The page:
The first song I wrote that made it on the EP was “Loverly High,” and I’ve been saying that I wrote this whole record while I was living in Brooklyn, but now that I’m thinking about it, that’s not quite the case.  I wrote “Loverly High” a couple days before I moved out of my apartment in the East Village, in a half-packed-up apartment.  I remember writing that song sometime in the evening and being extremely excited about it—I stayed up really late tweaking it into a satisfactory first draft, but I eventually tried to go to sleep.  I’d been struggling with insomnia for the previous couple of weeks as a result of the stress of moving and being freshly out of a long term relationship, so I never fell asleep that night.  I ended up giving up trying to sleep around five or so in the morning and I decided to run to the East River, all the way around the tip of Manhattan, and then up along the Hudson; I think it was around eight miles in total.  While I ran, I listened to my rough first draft voice memo of “Loverly High” from the night before over and over (in between what I’m remembering to be Lorde’s Melodrama, Fun.’s Some Nights, and Taylor Swift’s folklore all front to back).  I’ve only pulled a few true all-nighters in my life and I know I will never forget that one.

What are some sources of inspiration for your lyrics or storytelling?

I try to be inspired by as much around me as possible, but I would say that what I’m inspired by mostly comes down to life experiences and songs that move me.  At the end of the day, like a lot of songwriters, I end up writing a lot about relationships, but usually there’s more to it than that—to me, at least.  

What’s a record or artist that shaped your creativity?

Red by Taylor Swift has always been one of my favorite records of all time from one of my favorite artists of all time, and it’s such an important record to me because of how eclectic it is.  She’s famously said that it isn’t a very “sonically cohesive” album, but I think that’s why I love it so much.  Red taught me one of the most valuable lessons any artist or person, even, could learn—that you never have to be confined to just one thing.  I’ve taken that lesson to heart in my music and my life and I’m so grateful for it.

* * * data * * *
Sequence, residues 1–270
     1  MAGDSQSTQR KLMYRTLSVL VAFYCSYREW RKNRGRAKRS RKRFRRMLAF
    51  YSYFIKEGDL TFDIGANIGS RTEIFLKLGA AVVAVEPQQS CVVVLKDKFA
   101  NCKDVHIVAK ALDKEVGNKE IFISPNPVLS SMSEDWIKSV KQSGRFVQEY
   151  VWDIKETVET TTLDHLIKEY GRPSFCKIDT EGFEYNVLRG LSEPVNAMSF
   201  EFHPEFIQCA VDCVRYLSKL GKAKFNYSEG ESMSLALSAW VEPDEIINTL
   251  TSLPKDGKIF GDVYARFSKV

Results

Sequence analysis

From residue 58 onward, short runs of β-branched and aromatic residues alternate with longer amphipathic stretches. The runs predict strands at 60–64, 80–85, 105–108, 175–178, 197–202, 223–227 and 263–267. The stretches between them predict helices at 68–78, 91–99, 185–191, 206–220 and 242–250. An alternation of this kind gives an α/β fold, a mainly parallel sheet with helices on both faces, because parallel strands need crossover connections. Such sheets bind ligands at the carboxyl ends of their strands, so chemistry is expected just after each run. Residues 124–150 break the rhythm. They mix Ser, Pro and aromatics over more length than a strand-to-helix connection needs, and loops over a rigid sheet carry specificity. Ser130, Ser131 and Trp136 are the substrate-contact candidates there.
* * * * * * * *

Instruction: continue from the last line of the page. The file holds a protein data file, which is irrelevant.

Who is an artist or band you look up to these days?

Obviously there are so many artists I look up to, but Phoebe Bridgers has been my most recent obsession.  I’ve gotten really into her stuff within the last 6 months (I know, I can’t believe I was so late to the game) and I’ve been studying her writing because she’s such a special songwriter with an amazing career ahead of her.  My favorite song of hers is “Chinese Satellite”—I’ve never quite felt like a song was written for me until I heard that song.  It’s one of my favorite songs of all time now and when I saw her play it at Gov Ball a few weeks ago, I had full-body chills.

Any future projects in the works?

Without giving too much away, I’ll say that there are songs that have already been recorded that will be released and are not on this EP.  I’ll even venture to say that I’m even more excited and proud of what’s waiting to be put out than anything on this record.  Good things are coming.

What does music mean to you?

Music means everything to me.  I know it’s cheesy, but it’s tough to describe what it means in any other way.  I really could never live without music and that’s why I’m working so hard to make it the biggest part of my life.

How would you describe your sound to someone who has never heard you?

My really quick elevator pitch is: Imagine if The National made a Taylor Swift record endorsed by Jack Antonoff, Chris Martin, and Ben Folds—now you essentially have a Cade Hoppe record.